BlackBerry Torch 9800
BlackBerry Torch 9800
Last time I renewed my mobile phone contract, I opted for an HTC Touch Pro running Windows Mobile but half way through, I purchased a 2nd hand BlackBerry Bold 9000 off eBay for testing some software my company had developed. I liked this so much, I decided to use it as my main phone!

Last month, I renewed my contract and opted for a BlackBerry but switched from the Bold to the new Torch 9800. After having a play with one in store, I liked the way it combined the traditional BlackBerry full keyboard and track pad with a touch screen in a slide form factor. While I did have a go with some of the newer Android handsets, all of them were full touch screens and I just don't think I could ever get used to that for typing longer emails / texts.

Ever since Google launched the ability to disable Conversation Mode, I have been considering a move over to GMail. I had previously tried GMail for nearly a month but still couldn't live with the way emails were grouped together.

All my email accounts are domain based and previously I used FuseMail as my email provider and downloaded mail via POP to Thunderbird. The problems I was facing doing this were :-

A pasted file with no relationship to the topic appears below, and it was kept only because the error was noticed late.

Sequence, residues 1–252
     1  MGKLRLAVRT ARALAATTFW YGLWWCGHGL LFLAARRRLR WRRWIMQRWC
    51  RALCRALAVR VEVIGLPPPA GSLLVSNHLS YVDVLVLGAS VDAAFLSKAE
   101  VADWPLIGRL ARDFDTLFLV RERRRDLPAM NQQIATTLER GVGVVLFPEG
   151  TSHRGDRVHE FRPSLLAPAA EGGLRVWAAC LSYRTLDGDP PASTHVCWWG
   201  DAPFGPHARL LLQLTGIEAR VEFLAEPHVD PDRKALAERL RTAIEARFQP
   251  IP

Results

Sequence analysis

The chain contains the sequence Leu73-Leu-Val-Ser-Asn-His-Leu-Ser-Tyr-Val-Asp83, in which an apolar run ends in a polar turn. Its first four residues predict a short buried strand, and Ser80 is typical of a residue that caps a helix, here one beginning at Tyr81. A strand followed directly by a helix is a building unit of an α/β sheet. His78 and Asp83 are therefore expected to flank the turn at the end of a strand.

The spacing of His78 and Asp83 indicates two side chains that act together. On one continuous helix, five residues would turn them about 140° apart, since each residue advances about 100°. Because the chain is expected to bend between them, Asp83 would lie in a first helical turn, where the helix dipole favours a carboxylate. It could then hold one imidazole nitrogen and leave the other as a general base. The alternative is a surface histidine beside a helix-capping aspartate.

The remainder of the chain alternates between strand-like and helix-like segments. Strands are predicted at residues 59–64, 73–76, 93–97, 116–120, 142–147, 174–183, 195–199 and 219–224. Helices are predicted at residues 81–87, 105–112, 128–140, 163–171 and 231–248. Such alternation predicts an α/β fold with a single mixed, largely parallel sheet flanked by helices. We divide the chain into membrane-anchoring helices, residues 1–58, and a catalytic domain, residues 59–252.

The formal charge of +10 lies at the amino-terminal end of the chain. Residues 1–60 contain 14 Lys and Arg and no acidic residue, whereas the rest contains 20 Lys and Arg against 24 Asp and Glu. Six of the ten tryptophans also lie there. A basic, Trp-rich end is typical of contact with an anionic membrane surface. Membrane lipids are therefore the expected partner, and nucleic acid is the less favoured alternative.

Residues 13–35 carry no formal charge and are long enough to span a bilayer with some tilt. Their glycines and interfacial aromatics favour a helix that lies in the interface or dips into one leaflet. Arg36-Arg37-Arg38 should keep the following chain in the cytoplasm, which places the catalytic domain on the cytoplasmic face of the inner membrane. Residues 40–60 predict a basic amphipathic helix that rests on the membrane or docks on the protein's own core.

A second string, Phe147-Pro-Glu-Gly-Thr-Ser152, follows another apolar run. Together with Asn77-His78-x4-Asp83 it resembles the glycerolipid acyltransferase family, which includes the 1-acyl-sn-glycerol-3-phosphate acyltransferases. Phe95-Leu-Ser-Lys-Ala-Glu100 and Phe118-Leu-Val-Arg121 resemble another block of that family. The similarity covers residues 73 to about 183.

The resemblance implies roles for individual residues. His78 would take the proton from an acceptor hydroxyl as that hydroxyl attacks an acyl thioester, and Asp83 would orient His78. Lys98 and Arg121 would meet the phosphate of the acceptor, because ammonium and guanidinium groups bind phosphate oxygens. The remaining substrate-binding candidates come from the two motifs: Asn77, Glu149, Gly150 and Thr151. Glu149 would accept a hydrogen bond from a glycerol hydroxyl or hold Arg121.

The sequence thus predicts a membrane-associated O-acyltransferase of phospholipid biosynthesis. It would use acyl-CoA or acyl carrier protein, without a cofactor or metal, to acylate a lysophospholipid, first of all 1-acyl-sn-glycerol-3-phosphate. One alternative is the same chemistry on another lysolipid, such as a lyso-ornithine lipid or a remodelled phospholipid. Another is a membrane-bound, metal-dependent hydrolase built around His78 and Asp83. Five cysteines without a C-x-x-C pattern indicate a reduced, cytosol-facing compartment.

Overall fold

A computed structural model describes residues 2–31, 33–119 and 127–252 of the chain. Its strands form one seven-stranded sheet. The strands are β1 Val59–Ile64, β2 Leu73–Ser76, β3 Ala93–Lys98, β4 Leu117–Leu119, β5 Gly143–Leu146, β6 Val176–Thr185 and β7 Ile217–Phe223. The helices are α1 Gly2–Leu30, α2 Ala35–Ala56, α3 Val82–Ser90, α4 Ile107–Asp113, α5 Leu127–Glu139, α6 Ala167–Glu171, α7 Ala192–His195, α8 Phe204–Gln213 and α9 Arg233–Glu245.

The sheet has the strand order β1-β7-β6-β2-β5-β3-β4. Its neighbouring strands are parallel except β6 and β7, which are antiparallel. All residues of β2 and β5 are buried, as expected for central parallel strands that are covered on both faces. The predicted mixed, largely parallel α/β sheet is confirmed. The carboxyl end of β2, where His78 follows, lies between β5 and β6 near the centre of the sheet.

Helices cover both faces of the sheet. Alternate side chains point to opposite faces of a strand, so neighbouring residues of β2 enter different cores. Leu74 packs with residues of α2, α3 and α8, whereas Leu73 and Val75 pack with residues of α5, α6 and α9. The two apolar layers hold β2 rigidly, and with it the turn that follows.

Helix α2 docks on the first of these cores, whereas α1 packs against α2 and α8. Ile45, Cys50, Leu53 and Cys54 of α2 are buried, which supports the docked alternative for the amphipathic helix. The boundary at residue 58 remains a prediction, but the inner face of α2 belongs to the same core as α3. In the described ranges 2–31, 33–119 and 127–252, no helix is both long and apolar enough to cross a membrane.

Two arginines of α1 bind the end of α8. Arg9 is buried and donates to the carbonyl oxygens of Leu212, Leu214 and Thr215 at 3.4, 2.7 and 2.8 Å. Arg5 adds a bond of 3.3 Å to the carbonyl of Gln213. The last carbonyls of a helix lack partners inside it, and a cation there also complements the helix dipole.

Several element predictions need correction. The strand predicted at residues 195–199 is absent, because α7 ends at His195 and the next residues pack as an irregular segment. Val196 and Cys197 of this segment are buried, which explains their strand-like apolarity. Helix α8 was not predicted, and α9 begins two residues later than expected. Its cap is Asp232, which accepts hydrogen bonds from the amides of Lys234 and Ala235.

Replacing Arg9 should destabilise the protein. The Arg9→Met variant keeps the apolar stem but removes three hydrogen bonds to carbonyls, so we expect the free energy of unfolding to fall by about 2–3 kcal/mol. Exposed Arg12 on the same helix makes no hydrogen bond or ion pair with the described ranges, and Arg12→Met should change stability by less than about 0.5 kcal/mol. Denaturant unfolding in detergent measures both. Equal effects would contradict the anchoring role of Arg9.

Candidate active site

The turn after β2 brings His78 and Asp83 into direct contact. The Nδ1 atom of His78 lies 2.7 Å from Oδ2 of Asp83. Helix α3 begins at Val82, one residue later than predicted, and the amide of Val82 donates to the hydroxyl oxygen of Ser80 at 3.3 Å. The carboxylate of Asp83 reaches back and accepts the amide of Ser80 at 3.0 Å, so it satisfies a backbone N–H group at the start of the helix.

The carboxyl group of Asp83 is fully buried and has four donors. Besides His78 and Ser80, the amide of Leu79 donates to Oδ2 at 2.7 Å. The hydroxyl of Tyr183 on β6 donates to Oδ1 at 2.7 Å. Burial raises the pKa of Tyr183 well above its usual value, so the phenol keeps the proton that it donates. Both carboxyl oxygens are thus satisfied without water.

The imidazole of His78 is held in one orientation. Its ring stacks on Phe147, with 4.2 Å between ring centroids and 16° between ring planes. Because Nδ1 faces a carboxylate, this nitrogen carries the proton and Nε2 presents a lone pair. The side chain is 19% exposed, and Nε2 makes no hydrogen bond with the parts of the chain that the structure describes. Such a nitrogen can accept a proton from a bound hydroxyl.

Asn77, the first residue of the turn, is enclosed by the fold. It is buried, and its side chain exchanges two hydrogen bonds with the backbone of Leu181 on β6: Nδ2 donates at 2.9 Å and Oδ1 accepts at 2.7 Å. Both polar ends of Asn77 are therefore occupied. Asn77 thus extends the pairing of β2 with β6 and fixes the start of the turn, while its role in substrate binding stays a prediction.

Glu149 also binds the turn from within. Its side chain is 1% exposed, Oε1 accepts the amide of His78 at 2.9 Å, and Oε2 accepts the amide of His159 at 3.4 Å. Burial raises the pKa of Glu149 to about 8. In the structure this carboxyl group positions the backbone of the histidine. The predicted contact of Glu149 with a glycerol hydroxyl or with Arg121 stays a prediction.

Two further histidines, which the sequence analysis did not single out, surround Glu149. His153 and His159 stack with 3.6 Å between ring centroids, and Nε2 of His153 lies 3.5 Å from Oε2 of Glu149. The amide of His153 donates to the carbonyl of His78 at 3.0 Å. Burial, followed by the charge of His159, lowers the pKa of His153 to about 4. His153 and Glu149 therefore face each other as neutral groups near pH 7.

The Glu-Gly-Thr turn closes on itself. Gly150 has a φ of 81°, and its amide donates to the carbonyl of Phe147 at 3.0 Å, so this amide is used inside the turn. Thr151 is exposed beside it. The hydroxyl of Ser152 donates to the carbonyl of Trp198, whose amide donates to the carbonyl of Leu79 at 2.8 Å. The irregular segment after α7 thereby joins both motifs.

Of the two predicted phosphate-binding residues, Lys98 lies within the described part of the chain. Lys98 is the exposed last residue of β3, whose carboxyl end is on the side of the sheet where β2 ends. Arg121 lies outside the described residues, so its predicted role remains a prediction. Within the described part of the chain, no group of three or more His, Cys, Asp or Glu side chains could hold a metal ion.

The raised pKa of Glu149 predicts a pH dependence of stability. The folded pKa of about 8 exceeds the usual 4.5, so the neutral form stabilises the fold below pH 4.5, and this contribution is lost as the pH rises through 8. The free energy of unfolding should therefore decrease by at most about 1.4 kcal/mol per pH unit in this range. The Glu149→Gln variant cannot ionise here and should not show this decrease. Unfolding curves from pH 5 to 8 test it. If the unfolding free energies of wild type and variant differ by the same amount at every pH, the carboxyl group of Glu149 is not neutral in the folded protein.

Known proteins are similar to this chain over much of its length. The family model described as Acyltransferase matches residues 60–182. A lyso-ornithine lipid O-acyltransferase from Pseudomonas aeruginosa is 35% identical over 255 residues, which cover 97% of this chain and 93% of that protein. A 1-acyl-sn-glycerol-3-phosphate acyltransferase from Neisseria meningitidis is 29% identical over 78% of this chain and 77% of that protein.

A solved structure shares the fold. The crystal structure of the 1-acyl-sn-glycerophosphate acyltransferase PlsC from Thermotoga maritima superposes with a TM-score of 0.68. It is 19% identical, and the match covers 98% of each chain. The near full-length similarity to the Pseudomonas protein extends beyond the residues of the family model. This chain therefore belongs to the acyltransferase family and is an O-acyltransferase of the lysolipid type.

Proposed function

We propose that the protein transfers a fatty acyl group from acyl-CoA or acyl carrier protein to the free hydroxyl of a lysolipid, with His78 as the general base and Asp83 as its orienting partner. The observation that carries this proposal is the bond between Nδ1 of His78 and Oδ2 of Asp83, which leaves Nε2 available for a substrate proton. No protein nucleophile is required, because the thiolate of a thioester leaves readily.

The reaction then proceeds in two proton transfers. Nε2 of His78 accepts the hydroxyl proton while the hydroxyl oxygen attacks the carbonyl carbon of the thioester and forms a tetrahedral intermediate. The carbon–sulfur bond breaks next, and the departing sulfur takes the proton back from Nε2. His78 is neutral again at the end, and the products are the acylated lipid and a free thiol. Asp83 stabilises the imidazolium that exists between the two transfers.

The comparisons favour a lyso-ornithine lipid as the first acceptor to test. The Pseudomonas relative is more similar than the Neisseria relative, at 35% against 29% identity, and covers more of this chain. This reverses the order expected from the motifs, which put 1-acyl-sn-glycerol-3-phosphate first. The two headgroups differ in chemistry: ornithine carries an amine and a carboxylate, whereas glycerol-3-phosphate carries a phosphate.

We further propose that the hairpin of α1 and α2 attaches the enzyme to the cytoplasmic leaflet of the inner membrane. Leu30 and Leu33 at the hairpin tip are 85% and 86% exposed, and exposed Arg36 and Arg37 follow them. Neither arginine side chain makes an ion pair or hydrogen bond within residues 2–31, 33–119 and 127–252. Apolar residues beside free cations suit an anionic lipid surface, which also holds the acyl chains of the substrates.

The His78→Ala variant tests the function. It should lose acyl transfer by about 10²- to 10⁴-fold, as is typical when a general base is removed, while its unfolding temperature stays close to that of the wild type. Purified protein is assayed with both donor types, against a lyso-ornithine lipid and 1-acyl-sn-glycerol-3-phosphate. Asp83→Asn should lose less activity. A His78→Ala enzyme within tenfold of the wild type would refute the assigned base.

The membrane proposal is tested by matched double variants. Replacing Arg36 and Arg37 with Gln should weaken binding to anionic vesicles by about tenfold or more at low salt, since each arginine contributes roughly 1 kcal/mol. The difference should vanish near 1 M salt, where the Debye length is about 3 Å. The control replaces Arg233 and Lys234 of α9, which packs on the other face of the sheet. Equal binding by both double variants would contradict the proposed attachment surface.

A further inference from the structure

1. Reliability with FuseMail was becoming an issue which isn't what you want when paying for an email service.
2. I tend to keep all emails sent to me, even after deleting them from my inbox, for future reference. With emails dating back to 2004, Thunderbird was beginning to lag even switching between emails, never mind searching.
3. I had to use Remote Desktop Connection in order to view my emails away from the office. As I am now out of the office a lot more, this was becoming a problem.

BT Openreach today have announced their physical infrastructure access (PIA) product for allowing other providers to use their ducts and poles. While this is a step in the right direction, there are a number of serious problems which I have been pointing out to people waiting on this offer for a while having seen various documents on it previously.

The first is in terms of restrictions being placed on use. Basically, you are unable to use fibre laid in BT's ducts or on their poles for providing leased line replacements. A fibre connection to a business would be considered a leased line replacement so this rules out being able to serve businesses. Also not permitted is providing mobile phone mast backhaul. Providing both of these services can make the difference between a network stacking up in a rural area. At the end of the day, it doesn't matter what you are using your own fibre for - this was just a restriction put in to make the offer less attractive. Geo, the dark fibre company, raised this at an industry day several months back when they got word of it but nobody appears to of done anything about it.